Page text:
Background checks on gun sales for June 2023 were down nearly 20 percent from June 2022, according to a report from the National Shooting Sports Foundation (NSSF).
The industry group estimated there were 1,110,696 gun sales in June 2023. That is a 19.6 percent decrease from the June 2022 total of 1,382,287. The figures show a continuation of the downward trend sales have seen since setting all-time records in 2020. The numbers for the entire second quarter also show a decline compared to last year. This year’s 3,654,134 second-quarter sales mark a decline of 6.7 percent from 2022’s 3,916,986.
The decline in both June and second-quarter gun sales figures means the market is the closest it has been to pre-2020 levels. With Americans continuing to purchase fewer guns year over year, it remains in question where the market will settle after the 2020 spike.
“That’s the million-dollar question,” Mark Oliva, an NSSF spokesman, told The Reload.
“I’m not discounting the fact that we’re nearly 20 percent down from last year. But we’re still seeing that market settle out,” he said. “So, where does it settle out? We don’t know. And that’s the difficult part about this. Any manufacturing industry is going to go through its highs and lows. Clearly, things are still somewhat volatile.”
Cam Edwards, who has covered the firearms industry for decades, said there is no one factor driving the sales decline.
“I suspect there are a variety of reasons why sales are trending down, from inflation putting a pinch on consumers’ discretionary spending to a lack of any imminent gun control bills moving through Congress,” Edwards, editor of Bearing Arms, told The Reload. “The prospect of new gun laws has typically led to increased sales in the past.”
Last year saw the passage of new federal gun restrictions for the first time in decades, but also the Supreme Court’s ruling in New York State Rifle and Pistol Association v. Bruen. The Bruen decision has led to various gun restrictions being deemed unconstitutional and likely lessened the concerns of some prospective buyers. It may be tempering concerns over new restrictions coming in the near future.
But the 2024 campaign could bring those concerns back to the forefront because of President Joe Biden’s aggressive pursuit of new gun restrictions, especially on popular guns like the AR-15.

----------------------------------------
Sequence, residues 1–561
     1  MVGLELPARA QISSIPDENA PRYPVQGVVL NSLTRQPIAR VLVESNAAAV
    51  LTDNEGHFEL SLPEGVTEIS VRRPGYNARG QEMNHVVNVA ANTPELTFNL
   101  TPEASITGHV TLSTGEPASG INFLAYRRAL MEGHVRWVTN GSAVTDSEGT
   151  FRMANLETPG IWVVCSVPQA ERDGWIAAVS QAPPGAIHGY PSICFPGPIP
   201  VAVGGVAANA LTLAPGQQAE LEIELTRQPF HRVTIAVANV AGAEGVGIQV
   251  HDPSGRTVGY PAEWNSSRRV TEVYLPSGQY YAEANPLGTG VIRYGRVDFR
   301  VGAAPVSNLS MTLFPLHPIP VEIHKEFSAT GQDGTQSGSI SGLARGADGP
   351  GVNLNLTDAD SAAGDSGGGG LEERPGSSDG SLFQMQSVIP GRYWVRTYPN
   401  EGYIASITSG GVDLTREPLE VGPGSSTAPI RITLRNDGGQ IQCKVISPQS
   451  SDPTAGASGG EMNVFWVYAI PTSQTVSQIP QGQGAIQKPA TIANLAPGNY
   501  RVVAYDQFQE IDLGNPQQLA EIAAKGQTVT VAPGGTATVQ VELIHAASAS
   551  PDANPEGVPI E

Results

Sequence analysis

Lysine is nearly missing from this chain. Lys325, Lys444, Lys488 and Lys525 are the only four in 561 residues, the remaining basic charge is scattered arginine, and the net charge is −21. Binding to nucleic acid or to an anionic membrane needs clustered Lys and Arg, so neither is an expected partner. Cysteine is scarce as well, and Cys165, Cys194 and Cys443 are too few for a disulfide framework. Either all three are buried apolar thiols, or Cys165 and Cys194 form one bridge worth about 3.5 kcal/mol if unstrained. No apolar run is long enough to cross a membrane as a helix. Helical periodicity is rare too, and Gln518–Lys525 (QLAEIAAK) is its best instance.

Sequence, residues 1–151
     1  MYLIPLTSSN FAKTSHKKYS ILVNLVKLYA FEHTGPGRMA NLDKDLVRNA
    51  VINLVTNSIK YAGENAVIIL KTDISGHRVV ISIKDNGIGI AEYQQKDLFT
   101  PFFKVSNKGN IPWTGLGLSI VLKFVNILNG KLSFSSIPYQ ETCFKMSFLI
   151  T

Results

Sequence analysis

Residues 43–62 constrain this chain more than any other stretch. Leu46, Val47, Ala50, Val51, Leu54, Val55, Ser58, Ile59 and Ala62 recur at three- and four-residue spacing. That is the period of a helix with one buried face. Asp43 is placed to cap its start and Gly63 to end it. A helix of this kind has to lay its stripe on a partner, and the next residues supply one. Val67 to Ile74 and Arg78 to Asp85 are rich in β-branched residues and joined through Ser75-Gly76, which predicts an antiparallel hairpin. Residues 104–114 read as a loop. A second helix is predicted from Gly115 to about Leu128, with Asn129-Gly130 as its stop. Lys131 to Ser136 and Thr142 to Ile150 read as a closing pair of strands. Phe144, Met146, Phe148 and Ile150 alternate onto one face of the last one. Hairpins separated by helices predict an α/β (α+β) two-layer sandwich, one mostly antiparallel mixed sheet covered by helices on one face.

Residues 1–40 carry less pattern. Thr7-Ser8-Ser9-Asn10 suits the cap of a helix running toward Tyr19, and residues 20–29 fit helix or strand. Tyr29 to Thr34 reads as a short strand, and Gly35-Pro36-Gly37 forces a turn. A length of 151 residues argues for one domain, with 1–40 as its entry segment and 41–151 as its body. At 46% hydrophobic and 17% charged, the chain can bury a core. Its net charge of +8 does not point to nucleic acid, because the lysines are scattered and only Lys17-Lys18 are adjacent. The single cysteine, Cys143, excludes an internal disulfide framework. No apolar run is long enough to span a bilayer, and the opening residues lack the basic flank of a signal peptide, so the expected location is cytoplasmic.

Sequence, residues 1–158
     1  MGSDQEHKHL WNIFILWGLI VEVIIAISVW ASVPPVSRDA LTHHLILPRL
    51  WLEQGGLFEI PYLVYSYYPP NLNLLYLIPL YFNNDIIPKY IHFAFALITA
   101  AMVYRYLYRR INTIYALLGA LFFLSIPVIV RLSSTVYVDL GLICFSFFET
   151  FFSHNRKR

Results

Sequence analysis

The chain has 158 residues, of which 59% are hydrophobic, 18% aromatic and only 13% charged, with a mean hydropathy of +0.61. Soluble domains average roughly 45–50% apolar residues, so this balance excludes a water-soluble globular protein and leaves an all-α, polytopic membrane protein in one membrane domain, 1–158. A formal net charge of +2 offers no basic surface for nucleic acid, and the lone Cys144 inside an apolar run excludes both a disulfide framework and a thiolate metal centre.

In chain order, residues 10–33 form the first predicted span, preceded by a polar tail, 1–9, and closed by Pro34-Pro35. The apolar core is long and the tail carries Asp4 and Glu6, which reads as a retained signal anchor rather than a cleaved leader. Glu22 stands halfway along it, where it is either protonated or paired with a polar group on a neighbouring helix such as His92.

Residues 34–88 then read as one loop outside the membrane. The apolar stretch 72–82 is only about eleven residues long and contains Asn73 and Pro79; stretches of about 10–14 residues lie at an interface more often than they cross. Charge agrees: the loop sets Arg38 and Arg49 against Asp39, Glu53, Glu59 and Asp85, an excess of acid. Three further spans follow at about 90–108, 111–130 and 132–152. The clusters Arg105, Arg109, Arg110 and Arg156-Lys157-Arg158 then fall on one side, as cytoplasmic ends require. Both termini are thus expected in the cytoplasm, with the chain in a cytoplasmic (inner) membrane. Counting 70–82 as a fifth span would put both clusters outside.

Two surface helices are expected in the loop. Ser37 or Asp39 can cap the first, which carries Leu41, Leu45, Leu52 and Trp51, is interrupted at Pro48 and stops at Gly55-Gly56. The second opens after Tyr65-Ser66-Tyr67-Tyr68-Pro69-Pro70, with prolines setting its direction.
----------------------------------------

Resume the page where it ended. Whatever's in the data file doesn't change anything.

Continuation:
“I wouldn’t be surprised if sales start to increase as we get closer to Election Day next year,” Edwards said.
Oliva said he also expected sales to rise as hunting season approaches in the fall since the summer is usually a low point for the industry. But he agreed with Edwards that the election season will probably have an even more profound effect.
“I think once we start to get back into where people are paying attention to what’s being talked about on the campaign trail, those things so we typically see in presidential election years, firearm sales will rise because of people’s concerns about not being able to buy the firearm their choosing,” Oliva said.
While National Instant Criminal Background Check System (NICS) data does not represent the specific quantity of guns sold, the figures do reflect market conditions. NICS checks are required for the large majority of gun purchases, including nearly all that are made through licensed gun dealers.
However, they are not required on used sales between non-dealers in most states, which means they don’t capture all transactions. On the other hand, NICS checks are also used for concealed carry permits and other non-sales purposes.
Still, the data is widely considered the most reliable gauge of gun sales in America. And NSSF’s analysis removes some of the checks that aren’t directly related to sales in an attempt to make the numbers more reliable.
“The adjusted NICS data were derived by subtracting out NICS purpose code permit checks and permit rechecks used by states for CCW permit application checks as well as checks on active CCW permit databases. NSSF started subtracting permit rechecks in February 2016,” the group’s report said.
Despite the overall decline, June was the 47th month in a row in which adjusted background checks exceeded 1 million. It was also still above every other June from before President Joe Biden took office, except 2016. Oliva said that was evidence gun sales are likely going to remain above the levels seen before the 2020 spike.
“What we typically see if we look at the historical pattern of it,” he said, “when we come off of those highs, and we hit that floor, that new floor is always higher than the ceiling was before.”
Stephen Gutowski contributed to this report.